We think Apple should be a good short-term trade due to historical precedent surrounding their upcoming iPhone product launch, but we would avoid it for long term investors due to its slow growth relative to its high valuation.
Short-term, Apple’s stock was oversold on a relative strength basis coming into 8/18/23. Since the early 2000s, Apple’s stock is also up nearly 70% of the time the month before a new product launch with an average return of over 3%. But the stock typically declines the day of the product launch. We expect the new iPhone launch event to be around 9/13.
Given the S&P return is only up slightly over this same month before a product launch, we are likely to pair our long Apple position with a short on the S&P. Given our fund is managed to be an “all weather fund” that is expected to generate positive returns regardless of market conditions, this fits in well with our style. Our net exposure is expected to be a low ~25% (% of assets long minus % of assets short) over time with minimal drawdowns even during severe market corrections. This is how the fund was up both last year with the S&P down nearly 20% and is up this year as well.
We also manage positions around high probability events to try and generate short-term profits even if it is in sharp contrast to our longer-term views. The long-term is made up of a series of short-term events. The data that comes in over the short-term will logically influence our view on the long-term.
This trading pattern for Apple worked well around their most recent product launch. Apple’s stock rallied 9% in the month prior to the introduction of their mixed reality headset on June 5th while the S&P rallied 5%. This is despite the headset likely being an immaterial 1% of revenues over the near-term. An optimistic 1M units sold at $3,499 is $3.5B in revs which compares to total company revs of $387B in CY 22.
My view remains that currently, Apple is the most over-valued mega-cap tech stock relative to its growth rate. Revs grew 2% last calendar year and the estimate is for 1% growth this year and Apple trades at a 28x CY23 PE. This compares to the S&P rev growth of 4% with a PE of 20x for CY23. If you look at rev growth in 2022/rev growth in 2023/ & CY23 PE for other mega-cap names that are comparable, MSFT is 10%/9%/30x; GOOGL is 10%/8%/23x and $META is -1%/14%/21x.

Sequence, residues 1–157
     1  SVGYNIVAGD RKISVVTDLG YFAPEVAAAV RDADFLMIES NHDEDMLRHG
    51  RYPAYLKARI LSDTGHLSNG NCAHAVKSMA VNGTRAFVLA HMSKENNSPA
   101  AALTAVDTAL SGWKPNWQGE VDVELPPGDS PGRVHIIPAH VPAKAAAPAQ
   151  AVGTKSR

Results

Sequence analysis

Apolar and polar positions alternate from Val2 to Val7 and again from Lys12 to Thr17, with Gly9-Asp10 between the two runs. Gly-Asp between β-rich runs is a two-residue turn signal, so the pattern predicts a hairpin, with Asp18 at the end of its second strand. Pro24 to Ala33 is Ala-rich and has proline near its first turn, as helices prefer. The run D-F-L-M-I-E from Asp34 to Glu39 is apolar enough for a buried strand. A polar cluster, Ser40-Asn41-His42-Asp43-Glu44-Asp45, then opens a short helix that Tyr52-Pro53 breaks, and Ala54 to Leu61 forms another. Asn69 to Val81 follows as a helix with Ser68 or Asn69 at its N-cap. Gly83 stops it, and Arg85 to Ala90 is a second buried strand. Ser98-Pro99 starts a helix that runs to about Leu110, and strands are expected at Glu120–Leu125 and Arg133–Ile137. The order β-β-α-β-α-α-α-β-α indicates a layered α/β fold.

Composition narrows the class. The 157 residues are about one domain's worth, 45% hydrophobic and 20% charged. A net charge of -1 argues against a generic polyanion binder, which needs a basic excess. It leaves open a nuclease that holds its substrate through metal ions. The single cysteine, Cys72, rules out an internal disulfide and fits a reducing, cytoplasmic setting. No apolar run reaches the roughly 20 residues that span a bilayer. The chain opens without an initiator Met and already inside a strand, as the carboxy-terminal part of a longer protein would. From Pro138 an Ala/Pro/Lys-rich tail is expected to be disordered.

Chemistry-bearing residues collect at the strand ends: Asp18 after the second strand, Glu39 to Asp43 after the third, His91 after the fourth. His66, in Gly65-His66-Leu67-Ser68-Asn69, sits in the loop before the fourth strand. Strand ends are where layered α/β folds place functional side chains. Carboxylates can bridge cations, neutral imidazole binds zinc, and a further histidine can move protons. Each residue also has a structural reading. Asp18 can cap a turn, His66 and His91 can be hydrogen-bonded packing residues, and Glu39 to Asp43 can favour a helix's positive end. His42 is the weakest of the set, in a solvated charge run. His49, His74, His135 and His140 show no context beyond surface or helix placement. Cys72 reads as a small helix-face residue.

Apple just reported their third quarter in a row of negative y/y revenue growth and “guided” their September quarter revenues to be down y/y and below consensus as well. This follows Apple guiding down the June quarter revenue estimates relative to consensus after the March quarter was reported. The last time Apple had 4 consecutive quarters of y/y revenue decline was over 20 years ago in 2001.
From a longer-term perspective, this puts Apple’s growth back to pre-Covid levels. In FY19, prior to Covid super-charging revenue growth, Apple revs were down 2% y/y. Revenues were also down y/y for both the December quarter of 2018 and March quarter of 2019. For the industry, global smartphone demand was also down for four consecutive years prior to Covid. Covid supercharged smartphone sales as people were forced to live, play and learn from home.
From a valuation perspective, during the summer doldrums in August of 2019, after Apple had reported lackluster June quarter results of 1% revenue growth (though an improvement from the prior 2 quarters of -5% y/y each), the stock traded at an 18x trailing PE versus 29x today.
Looked at a different way, both revs and EPS for the just reported June quarter have declined back to similar levels of the June quarter of 2021 with revenue flat and EPS a bit lower (-3%). However, the stock on 8/18/21 was trading at $146 and appreciated to $174 this past Friday (8/18/23).
This multiple expansion for Apple has even less support when compared to the market multiple which has declined. On 8/18/21, the trailing PE for the S&P was 26x and declined to 21x by 8/18/23. Apple’s multiple remained constant at an inflated 29x despite no revenue growth over that time. By comparison, Google’s multiple has contracted from 34x to 26x while growing revs 21% in the June quarter of 2023 versus the June quarter of 2021. Meta’s multiple has contracted from 26x to 23x while growing revs at 10%. Microsoft’s multiple has contracted from 37x to 32x while growing revs at 22%.
Longer-term, we believe consumer demand for Apple products will be less than expected during the holiday quarter due to:
In summary, though we think Apple should be good for a short-term trade on their product cycle launch just based on historical trading patterns, we would avoid the stock on a longer-term basis.
Dan Niles is founder and portfolio manager for the Satori Fund, a tech-focused hedge fund.